NQS

WESHOOT2
November 23, 2002, 05:41 AM
Have fun, get trigger time, meet nice people, maybe (not) win.

snokid
November 29, 2002, 01:17 AM
I agree with weshoot...

just go to a local match....

one of your first post's said that you were looking for a little training....

idpa and any other competition is a game and only a game.

with that said, any time you send lead down range your one step ahead of the bad guy you might run into on the street.

as far as running and what not...if you come in dead last, does it matter? as long as you are improving from match to match who cares where you place?

Most idpa matches don't really require much movement anyways.

if you get a procedural that's 3 sec. added to your time.
just shoot 6 points less down than the others and you will be even with them...

sno

RdB
December 5, 2002, 04:09 PM
NQS,

I think your biggest handicap right now is not having a gun (what's an NAA?) and the money required for enough ammo to be "good" with it (poor student). First and foremost, you'll need a handgun!

That being said, around here (Southern New England) there are a lot of local bowling pin shoots (man v. man) that require no running or kneeling, and are a heck of a lota fun. There are the occasional steel plate shoots as well, some for rifle/shotgun/pistol. Usually costs around $5 to enter.

Somewhere along the line, your going to have to get in contact with clubs in your area, and find out who's shooting what, and just take that leap of faith, and participate! All the people I've met over the years have been more than helpful, and will nake a Newbie feel comfortable and welcomed.

good luck to ya'
Russ

NotQuiteSane
December 8, 2002, 12:58 AM
NQS,

I think your biggest handicap right now is not having a gun (what's an NAA?) and the money required for enough ammo to be "good" with it (poor student). First and foremost, you'll need a handgun!

this is the NAA model I have:

http://naaminis.com/pix/mmt.jpg

The ammo is teh easy part. with reloading I can strech that part of the budget (no, don't save, but do spend less per round)

NQS

pax
December 9, 2002, 07:38 PM
NQS,

Folks near here have a non-IPSC, non-IDPA tactical handgun match going. It isn't a very competitive game (first prize is bragging rights only), but is mostly just real-life prep in a fun environment.

There is usually some running and some kneeling, but speed is usually the least important part of a stage. Plus, they don't tell you, 'kneel here, and shoot that.' They tell you, 'solve the problem.' If the problem for you would normally include not being able to kneel behind cover, and you'll just have to take that into account as you solve the stage. Stages aren't usually timed, but you can't be exposed to the BG (target) more than 2 seconds or you flunk the stage.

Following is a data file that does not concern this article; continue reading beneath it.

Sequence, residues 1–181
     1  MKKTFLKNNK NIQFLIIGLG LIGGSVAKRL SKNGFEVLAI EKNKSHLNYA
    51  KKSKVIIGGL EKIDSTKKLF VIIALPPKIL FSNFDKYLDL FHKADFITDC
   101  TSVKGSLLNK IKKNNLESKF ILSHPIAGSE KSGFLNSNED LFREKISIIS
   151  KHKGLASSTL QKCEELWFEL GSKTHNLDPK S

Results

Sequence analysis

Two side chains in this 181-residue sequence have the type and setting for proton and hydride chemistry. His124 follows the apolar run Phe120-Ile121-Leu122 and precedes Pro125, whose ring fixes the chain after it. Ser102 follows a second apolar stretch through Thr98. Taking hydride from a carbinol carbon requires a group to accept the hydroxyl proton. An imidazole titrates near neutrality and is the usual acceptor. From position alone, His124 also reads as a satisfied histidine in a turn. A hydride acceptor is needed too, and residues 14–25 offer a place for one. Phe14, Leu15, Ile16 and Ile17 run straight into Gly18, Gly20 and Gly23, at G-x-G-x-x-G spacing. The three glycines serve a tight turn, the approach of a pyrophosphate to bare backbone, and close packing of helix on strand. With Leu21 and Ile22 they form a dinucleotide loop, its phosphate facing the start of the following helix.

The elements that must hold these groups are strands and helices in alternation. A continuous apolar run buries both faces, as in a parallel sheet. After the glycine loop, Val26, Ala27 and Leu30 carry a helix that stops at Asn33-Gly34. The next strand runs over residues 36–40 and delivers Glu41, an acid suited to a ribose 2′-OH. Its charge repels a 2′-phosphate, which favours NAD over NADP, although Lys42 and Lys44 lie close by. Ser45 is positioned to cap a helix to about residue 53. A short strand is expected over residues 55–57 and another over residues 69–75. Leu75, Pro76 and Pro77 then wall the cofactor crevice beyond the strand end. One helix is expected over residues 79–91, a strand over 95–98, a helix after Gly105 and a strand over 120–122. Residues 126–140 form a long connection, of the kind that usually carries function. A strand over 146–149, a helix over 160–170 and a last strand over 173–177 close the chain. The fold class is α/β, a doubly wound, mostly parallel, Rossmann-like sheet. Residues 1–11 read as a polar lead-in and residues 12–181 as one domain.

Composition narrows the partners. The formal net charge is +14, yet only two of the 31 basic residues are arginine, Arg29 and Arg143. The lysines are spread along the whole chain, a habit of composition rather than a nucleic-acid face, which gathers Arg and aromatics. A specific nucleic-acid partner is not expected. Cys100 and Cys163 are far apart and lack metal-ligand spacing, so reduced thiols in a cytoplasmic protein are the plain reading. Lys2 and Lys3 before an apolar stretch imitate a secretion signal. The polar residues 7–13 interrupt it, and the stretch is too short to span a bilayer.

All stages are pass/fail, except that there is usually one tiebreaker stage which may include a par time. If you didn't solve it the way he was expecting, but can convince the match director that you solved the stage 'better' than the solution he had in mind when he set it up, you'll get a pass. If not, you won't. (Hey, real life isn't fair, either. Shrug.)

The gamesters usually go elsewhere, finding our non-competitive competition just too doggone stressful.

Cost is around $15/match, plus ammo (less than 100 rounds). Equipment is whatever you ordinarily carry. No special 'race guns' and no gazillion-round mags. No major/minor categories, but some allowances generally made for 5 shots. Last time we had one guy show up sporting homemade cardboard-and-duct-tape mag pouches. (They worked just fine.)

You may or may not be able to find a similarly low-key 'competition' in your area, but it sounds to me as if something like it would fit the bill.

If not, you could get together with some buddies and start one. :)

pax

I think there should be a rule in Scrabble that if you can seduce or kill your opponent with all seven of your letters, then you win the game. -- Rob Fairchild

WESHOOT2
December 10, 2002, 05:47 AM
Let us know
when you go.
Some who shoot
give a hoot
how you do.
Now go go go go go

NotQuiteSane
December 10, 2002, 09:26 PM
Yep. Still job hunting, as soon as I can, i'll be at the range. I'm hoping febuary.

Here's why I can't knee/run:

(links only, because they're a bit graphic)

http://tigger.tmcom.com/~josad/images/leg1.jpg

http://tigger.tmcom.com/~josad/images/leg2.jpg

about 6 months old

NQS

braindead0
December 11, 2002, 10:41 AM
I'd suggest finding a local range (preferably outdoor where you have full flexibility in target setup and stuff)...go and shoot..meet other folks... try out various competitions..

My wife and I routinely practive drills that don't require much in the way of moving around (bill drill, fig 8 and the like). Good practice.

WESHOOT2
December 12, 2002, 05:19 AM
Bad, but you ain't dead.

See you there.....................DVC.